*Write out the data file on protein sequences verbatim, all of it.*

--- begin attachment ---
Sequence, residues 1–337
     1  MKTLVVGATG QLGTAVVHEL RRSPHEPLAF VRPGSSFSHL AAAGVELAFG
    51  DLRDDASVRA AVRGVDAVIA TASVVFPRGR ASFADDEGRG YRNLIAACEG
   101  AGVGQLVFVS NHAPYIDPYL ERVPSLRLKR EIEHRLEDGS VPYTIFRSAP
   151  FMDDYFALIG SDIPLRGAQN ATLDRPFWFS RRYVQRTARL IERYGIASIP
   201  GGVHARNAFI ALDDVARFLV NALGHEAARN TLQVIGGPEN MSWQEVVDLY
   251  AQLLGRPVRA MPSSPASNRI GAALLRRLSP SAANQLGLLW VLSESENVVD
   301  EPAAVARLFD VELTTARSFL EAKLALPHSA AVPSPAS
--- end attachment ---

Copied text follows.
Sequence, residues 1–337
     1  MKTLVVGATG QLGTAVVHEL RRSPHEPLAF VRPGSSFSHL AAAGVELAFG
    51  DLRDDASVRA AVRGVDAVIA TASVVFPRGR ASFADDEGRG YRNLIAACEG
   101  AGVGQLVFVS NHAPYIDPYL ERVPSLRLKR EIEHRLEDGS VPYTIFRSAP
   151  FMDDYFALIG SDIPLRGAQN ATLDRPFWFS RRYVQRTARL IERYGIASIP
   201  GGVHARNAFI ALDDVARFLV NALGHEAARN TLQVIGGPEN MSWQEVVDLY
   251  AQLLGRPVRA MPSSPASNRI GAALLRRLSP SAANQLGLLW VLSESENVVD
   301  EPAAVARLFD VELTTARSFL EAKLALPHSA AVPSPAS